Is bowling a sport or recreation?
That question has been at the forefront of bowling’s Olympic Games quest for decades. And now, the answer to that question has become an important element in the reopening of tenpin centers in one Midwest state.
The Illinois State Bowling Proprietors Association has agreed, with the approval of its board of directors, to a settlement offer with the state of Illinois, moving bowling into “all sports” guidance rather than the “indoor recreation” guidance originally announced in the Restore Illinois phase four posting on June 22.
The accepted settlement takes effect immediately.
Here are the basic details of the agreement, according to ISBPA Executive Director Bill Duff:
* Bowling centers will be governed by the “All Sports” guidelines under the Restore Illinois Plan, rather than the indoor recreation guidelines. The current guidelines were adopted by the governor on July 30.
* Bar or restaurant services offered at bowling centers will be governed by the guidance for bars and restaurants.
* The “All Sports” guidelines require a 30-ft. distance between groups of 50. This may be accomplished by maintaining at least two unused lanes between groups of up to 50, which is consistent with guidance previously provided by local public health departments.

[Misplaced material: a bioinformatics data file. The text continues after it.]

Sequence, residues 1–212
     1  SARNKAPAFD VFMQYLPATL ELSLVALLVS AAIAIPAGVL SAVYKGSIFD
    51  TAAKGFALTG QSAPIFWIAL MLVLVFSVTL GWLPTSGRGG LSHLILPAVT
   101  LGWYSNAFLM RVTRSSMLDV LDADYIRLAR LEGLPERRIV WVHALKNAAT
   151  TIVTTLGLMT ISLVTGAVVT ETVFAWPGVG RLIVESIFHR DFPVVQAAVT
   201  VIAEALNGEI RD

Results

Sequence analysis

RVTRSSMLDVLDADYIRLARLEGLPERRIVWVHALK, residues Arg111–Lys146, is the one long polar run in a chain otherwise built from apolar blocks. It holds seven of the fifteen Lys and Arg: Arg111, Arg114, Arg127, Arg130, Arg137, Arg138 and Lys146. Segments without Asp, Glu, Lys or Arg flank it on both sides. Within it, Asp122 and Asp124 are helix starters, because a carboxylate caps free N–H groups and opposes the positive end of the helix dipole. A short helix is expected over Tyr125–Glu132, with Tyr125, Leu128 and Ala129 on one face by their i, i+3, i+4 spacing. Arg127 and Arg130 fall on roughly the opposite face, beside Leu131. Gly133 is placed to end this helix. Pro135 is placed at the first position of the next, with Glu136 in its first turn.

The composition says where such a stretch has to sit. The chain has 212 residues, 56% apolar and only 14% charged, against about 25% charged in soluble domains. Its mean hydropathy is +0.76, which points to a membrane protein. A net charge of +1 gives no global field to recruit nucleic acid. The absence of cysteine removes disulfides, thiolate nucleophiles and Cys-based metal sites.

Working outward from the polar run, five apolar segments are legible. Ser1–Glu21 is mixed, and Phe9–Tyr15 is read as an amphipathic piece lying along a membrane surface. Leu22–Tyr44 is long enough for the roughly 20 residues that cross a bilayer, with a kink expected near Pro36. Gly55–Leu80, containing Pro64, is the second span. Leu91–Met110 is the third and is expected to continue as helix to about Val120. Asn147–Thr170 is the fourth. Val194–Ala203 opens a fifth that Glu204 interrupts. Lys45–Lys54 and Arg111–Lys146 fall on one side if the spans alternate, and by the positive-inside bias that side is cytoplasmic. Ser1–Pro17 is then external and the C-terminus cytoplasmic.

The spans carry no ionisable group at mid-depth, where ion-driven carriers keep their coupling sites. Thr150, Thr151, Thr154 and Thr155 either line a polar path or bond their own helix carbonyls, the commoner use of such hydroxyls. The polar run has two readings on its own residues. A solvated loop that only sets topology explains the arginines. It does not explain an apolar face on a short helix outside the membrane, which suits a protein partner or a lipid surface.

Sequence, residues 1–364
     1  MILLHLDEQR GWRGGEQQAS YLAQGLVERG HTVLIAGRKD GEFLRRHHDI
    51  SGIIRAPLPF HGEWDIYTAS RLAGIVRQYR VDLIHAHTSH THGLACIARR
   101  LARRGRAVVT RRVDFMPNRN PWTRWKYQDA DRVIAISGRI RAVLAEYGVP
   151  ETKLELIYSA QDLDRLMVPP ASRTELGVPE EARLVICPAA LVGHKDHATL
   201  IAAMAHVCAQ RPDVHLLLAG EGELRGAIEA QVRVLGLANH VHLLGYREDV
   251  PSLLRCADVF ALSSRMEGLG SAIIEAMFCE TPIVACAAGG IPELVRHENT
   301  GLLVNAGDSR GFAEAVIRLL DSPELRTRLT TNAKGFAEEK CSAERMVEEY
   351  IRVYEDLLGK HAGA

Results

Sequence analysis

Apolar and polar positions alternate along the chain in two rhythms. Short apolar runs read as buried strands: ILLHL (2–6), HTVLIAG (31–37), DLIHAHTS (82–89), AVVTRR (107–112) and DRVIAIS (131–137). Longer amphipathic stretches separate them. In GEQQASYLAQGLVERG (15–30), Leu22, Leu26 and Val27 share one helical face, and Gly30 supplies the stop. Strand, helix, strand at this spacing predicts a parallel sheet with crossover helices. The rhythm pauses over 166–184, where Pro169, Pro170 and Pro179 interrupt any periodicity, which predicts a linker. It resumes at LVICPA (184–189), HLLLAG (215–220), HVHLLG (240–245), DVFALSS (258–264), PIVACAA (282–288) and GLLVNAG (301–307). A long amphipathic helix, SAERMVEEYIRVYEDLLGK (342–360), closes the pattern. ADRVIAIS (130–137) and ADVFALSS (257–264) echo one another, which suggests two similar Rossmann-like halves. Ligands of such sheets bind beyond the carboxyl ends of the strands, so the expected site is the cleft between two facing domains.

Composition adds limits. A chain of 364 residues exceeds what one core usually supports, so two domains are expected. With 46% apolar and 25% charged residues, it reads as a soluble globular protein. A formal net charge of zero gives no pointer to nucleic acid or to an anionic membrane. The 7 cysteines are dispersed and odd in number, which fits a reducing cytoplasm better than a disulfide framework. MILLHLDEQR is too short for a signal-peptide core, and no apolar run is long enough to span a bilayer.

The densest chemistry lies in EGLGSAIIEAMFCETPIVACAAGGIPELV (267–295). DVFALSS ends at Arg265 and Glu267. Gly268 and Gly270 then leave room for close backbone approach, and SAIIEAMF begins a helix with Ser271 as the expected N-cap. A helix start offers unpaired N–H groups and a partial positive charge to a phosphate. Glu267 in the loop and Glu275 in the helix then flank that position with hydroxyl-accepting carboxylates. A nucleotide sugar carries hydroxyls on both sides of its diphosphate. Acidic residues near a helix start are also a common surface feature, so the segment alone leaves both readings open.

* Bowling centers will adhere to a maximum capacity of 50 percent of occupancy or 200 people, whichever is fewer, with the understanding that if COVID-19 cases should decrease and there are no outbreaks associated with bowling centers, the governor is willing to revisit that limit.
* In the event the applicable guidelines are changed in the future for all businesses covered by the applicable category, bowling centers will comply with the amended guidelines. So, if guidelines for “All Sports” become more restrictive, they will apply to bowling centers. Likewise, if the guidelines become less restrictive, those also will apply to bowling centers.
“We have also assured the state that our members will continue to comply with procedures developed by ISBPA and BPAA guidelines and best practices,” Duff said.